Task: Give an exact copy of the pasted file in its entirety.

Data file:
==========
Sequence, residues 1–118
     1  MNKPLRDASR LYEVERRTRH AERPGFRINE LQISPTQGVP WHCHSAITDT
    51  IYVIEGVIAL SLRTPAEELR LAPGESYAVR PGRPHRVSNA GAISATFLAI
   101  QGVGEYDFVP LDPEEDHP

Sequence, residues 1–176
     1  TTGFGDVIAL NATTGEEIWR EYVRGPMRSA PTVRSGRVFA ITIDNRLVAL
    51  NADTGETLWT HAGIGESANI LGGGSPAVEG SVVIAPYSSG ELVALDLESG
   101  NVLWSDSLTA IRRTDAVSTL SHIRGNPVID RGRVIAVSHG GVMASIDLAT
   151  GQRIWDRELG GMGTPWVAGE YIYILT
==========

Sequence, residues 1–118
     1  MNKPLRDASR LYEVERRTRH AERPGFRINE LQISPTQGVP WHCHSAITDT
    51  IYVIEGVIAL SLRTPAEELR LAPGESYAVR PGRPHRVSNA GAISATFLAI
   101  QGVGEYDFVP LDPEEDHP

Sequence, residues 1–176
     1  TTGFGDVIAL NATTGEEIWR EYVRGPMRSA PTVRSGRVFA ITIDNRLVAL
    51  NADTGETLWT HAGIGESANI LGGGSPAVEG SVVIAPYSSG ELVALDLESG
   101  NVLWSDSLTA IRRTDAVSTL SHIRGNPVID RGRVIAVSHG GVMASIDLAT
   151  GQRIWDRELG GMGTPWVAGE YIYILT